ERIC Number: ED058330
Record Type: RIE
Publication Date: 1971
Reference Count: 0
Problems in Measuring Racial Attitudes: An Experimental Approach.
Sedlacek, William E.; And Others
Problems in measuring the attitudes of whites toward blacks have included: (1) Lack of contemporary content in existing measures; (2) Difficulty of determining scale validity; and, (3) The strong social reinforcement for being "tolerant" toward blacks making the assessment of "true" racial attitudes more difficult. The Situational Attitude Scale (SAS) was developed to reduce or eliminate these problems. The SAS consists of 100 semantic differential items that relate to one of ten social or personal situations. Two forms of the SAS were developed. Each contains the same situations, items, and instructions except that the word "black" was inserted into the situations in Form B. When the SAS is administered to white subjects randomly assigned either form, more negative responses occur to Form B. This indicates that whites have generally negative attitudes toward blacks. This result has been obtained on several independent samples including the one employed in this study. The SAS methodology has been extended to cross-cultural comparisons and it has been found that white Danes tended to view "Mediterranean foreign workers" much as white Americans view blacks. It was suggested that the SAS methodolgy could be extended to many situations in attitude measurement where the investigation wishes to examine the experimental effects of one or more variables. (Author/JM)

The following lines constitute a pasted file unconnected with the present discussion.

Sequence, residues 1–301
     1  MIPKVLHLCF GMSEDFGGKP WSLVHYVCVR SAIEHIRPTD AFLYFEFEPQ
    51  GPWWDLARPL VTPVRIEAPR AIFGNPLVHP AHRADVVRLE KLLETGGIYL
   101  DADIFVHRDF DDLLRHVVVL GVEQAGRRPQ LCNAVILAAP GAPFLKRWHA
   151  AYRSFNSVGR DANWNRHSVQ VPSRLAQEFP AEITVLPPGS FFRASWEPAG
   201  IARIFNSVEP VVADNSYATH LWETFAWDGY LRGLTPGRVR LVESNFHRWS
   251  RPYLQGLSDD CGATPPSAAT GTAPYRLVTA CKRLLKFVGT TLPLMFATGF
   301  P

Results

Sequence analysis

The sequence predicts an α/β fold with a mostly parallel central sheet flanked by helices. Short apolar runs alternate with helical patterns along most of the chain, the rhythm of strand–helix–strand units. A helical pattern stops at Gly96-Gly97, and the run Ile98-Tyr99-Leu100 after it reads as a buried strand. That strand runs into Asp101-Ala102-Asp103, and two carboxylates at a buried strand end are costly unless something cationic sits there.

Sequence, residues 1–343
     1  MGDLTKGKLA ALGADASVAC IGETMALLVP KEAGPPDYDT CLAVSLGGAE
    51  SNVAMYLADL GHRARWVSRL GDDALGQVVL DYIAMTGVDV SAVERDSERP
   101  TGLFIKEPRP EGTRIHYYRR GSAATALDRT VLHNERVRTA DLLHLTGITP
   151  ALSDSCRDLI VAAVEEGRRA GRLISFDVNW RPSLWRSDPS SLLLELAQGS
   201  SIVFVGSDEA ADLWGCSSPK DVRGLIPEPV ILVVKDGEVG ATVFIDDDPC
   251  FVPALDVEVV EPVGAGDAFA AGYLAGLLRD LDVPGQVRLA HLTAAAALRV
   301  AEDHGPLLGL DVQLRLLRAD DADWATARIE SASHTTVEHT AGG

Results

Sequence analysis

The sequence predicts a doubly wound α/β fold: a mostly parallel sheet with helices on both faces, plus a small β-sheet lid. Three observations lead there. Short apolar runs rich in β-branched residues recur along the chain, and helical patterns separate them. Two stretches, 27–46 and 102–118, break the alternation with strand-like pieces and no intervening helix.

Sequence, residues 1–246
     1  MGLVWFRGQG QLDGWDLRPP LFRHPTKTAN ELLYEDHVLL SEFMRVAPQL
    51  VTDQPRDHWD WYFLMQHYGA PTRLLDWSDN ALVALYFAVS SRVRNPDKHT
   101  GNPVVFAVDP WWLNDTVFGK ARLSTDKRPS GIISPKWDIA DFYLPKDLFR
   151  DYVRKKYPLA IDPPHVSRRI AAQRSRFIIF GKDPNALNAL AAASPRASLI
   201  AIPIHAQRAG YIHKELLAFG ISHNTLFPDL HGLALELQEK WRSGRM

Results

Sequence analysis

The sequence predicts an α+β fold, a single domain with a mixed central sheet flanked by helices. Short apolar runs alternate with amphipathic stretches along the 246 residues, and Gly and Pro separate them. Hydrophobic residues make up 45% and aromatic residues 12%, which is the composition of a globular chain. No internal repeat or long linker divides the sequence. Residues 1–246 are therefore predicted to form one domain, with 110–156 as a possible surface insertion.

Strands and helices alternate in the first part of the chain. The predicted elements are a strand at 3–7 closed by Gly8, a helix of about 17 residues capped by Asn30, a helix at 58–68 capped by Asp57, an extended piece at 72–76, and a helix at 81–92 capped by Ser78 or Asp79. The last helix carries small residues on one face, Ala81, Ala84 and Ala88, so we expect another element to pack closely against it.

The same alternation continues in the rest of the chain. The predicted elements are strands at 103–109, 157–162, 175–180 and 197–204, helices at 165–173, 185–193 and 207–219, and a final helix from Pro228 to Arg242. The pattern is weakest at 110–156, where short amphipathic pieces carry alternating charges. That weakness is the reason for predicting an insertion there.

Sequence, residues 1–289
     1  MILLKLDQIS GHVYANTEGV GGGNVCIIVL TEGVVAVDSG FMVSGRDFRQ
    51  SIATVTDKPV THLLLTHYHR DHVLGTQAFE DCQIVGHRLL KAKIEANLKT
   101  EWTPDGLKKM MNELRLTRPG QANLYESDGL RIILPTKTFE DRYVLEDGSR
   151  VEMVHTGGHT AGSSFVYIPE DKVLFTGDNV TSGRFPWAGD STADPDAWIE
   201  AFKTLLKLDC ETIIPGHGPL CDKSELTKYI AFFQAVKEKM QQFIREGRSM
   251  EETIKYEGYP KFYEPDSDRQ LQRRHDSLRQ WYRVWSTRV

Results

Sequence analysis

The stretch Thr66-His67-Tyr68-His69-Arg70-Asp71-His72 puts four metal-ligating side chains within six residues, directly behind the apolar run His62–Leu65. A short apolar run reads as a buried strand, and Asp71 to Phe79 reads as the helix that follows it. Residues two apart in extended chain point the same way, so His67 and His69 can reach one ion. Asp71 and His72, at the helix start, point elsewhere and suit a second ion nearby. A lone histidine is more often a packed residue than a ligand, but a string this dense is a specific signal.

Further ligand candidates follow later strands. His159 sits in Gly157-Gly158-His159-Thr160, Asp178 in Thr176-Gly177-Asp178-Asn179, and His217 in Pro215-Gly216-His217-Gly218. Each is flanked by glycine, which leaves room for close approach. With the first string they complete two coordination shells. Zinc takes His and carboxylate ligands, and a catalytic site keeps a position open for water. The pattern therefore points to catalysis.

Publication Type: N/A
Education Level: N/A
Authoring Institution: Maryland Univ., College Park. Cultural Study Center.
Identifiers: Denmark; Maryland